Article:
This last week in my Religion and Politics in the U.S. class at Georgetown University, my professor illustrated varying approaches to biblical interpretation utilizing the topic of slavery. She explained that especially before and during the Civil War, people justified the existence and perpetuation of slavery with text from the Bible. It’s all over the place. One powerful example is Paul’s slave convert Onesimus. When he ran away from his master, Paul encouraged the human property to return to his master (Philemon 1:10) .
I would be floored if anyone used the Bible today to justify human enslavement.
She described how abolitionists and others prior and during the Civil War employed a thematic reading of the Bible. The Old Testament’s overall theme is justice and the New Testament’s is love. In this topic’s case, love trumps justice, ironically decided by the outcome of the bloodbath we now casually call the Civil War.
She noted briefly that similar interpretation approaches are now happening in Islam.
Also, someone in my class suggested that the same interpretation approaches apply to the current topic of homosexuality and gay marriage. That sent my mind racing about the possible implications of such a suggestion.
But my mind soon turned back to slavery. I thought of Paul’s lack of opposition to slavery when in a modern revelation, it is clear how God feels about it. In describing why He directed that the U.S. Constitution be established, the Lord said through Joseph Smith, “It is not right for one man to be in bondage to another…” (Doctrine & Covenants 101:79) How could Paul as an Apostle not oppose slavery? Because he didn’t, people used his writings to dehumanize others of Heavenly Father’s children.
My best contribution to the discussion was that the potential for innovation seemed infinite. Some forms of innovation could be detrimental for mankind. However, I welcome warmly the innovation in approach regarding slavery and I’m optimistic generally about innovation of scriptures because of my personal experience with the Holy Ghost. Based on precedent, I know that God answers prayers and even if the answers don’t come as I’d like, I usually gain peace through wrestling in the Spirit.
Inspiration, Revelation and This Latter-day Saint
First, I view inspiration as suggestions from God. I receive these almost daily in the form of ideas. There are millions, even billions, of possible ways I can do good in the world. When I’m pondering one topic deeply, I usually have ideas come from left field whose connection are only that they’re part of the process, not necessary the result of a sequential series of my own thoughts. This allows me to use my free will or “agency” as a Latter-day Saint would say, to further explore and work through possibilities.
Revelation is different. I’ve only received revelation on infrequent occasions and most often when I was a missionary. After seeking urgently and exercising a great deal of trust in God, my mind and heart would experience a heightened connection where the will of the Lord pressed heavily on me and I knew what specifically He would have me say. The best description I have for it is becoming an instrument or a messenger. Interestingly enough, I never delivered any new information that I hadn’t studied myself prior to the delivery. Sometimes in the moment, the impression would facilitate the formation of connections, but the pieces were already inside me from prior tutoring sessions with the Holy Ghost in scripture study. Drawing deeply from the Savior’s well of Living Waters in scripture study is key to my spirituality. This revelation process enables me to use my agency too, but it’s usually in the form of whether I choose to obey the message or not.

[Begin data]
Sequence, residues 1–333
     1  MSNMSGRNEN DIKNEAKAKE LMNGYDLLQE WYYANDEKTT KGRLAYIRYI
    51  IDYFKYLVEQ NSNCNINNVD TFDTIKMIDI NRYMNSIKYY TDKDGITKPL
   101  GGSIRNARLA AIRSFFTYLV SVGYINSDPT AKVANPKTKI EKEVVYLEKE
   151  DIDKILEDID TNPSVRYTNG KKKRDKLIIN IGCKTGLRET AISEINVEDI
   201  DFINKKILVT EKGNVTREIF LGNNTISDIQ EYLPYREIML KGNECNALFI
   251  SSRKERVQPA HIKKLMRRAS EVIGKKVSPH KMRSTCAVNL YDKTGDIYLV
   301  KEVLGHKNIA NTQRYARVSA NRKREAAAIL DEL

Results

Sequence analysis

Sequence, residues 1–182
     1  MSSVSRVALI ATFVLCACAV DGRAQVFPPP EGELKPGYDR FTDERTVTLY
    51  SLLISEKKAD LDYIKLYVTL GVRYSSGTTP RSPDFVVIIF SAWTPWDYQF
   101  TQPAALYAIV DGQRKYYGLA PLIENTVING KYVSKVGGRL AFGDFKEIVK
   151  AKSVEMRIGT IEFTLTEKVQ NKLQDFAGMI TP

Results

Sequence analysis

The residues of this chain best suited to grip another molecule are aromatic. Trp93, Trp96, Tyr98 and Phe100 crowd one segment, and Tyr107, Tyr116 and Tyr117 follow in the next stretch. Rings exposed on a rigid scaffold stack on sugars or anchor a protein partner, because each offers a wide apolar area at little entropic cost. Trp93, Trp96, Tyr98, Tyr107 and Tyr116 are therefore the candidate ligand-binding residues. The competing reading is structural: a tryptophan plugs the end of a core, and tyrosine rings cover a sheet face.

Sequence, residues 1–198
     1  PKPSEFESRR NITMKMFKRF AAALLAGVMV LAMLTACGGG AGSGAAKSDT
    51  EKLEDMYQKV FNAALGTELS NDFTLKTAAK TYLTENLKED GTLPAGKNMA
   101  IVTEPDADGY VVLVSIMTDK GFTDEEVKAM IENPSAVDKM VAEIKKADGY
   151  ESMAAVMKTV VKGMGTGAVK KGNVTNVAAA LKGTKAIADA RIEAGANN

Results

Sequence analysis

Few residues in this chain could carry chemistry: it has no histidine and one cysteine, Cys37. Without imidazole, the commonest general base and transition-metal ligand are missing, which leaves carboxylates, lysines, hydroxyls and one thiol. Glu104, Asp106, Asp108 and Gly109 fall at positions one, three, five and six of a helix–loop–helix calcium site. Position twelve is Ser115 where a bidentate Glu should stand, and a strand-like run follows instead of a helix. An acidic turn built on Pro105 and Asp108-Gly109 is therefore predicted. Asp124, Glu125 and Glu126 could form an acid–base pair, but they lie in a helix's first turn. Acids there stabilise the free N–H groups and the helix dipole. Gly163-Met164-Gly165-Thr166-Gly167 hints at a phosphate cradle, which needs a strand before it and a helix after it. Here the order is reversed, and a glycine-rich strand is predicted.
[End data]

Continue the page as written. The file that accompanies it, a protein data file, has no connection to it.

I accept modern prophets. These men are the today’s equivalent to Abraham, Noah, Moses and the like. They are today’s mouthpieces for God who act as His messengers or instruments for the world. I believe the inspiration and revelation process I’ve described is the same for prophets, too. Sometimes it’s inspiration and sometimes revelation and it’s always according to their understanding. Sometimes they’re teaching according to their own best judgement based on previous revelation or inspiration. This is what I think Paul was doing in this slavery instance.
Revelation can be updated. Peter’s vision to take the gospel to the Gentiles and to eat what was previously considered unclean is an example of an update. (Acts 10:9-20).
Why am I not disillusioned that Paul did not oppose slavery when it grinds against my modern conception of right and wrong and my current understanding of the gospel of Jesus Christ? Was he an Apostle? Yes. Did he receive revelation according to his understanding? Yes. Did he write instructions to various churches and individuals based on his understanding? Yes. How can I know what God thinks of Paul’s teachings?
I ask Him what He thinks about it, expecting He’ll let me know. I’m comfortable with innovation of the scriptures because of my experience with the Holy Ghost. He’s no respecter of persons, as Peter learned by the updated revelation. (Acts 10:34) He’ll make known His will through the Spirit to those who seek to know it.
I’m secure on a personal level. It’s how a broader audience could possibly innovate scripture that makes me anxious.
Tags: God is our loving Heavenly Father, Joseph Smith, mind and heart, Mormonism, personal revelation, scripture study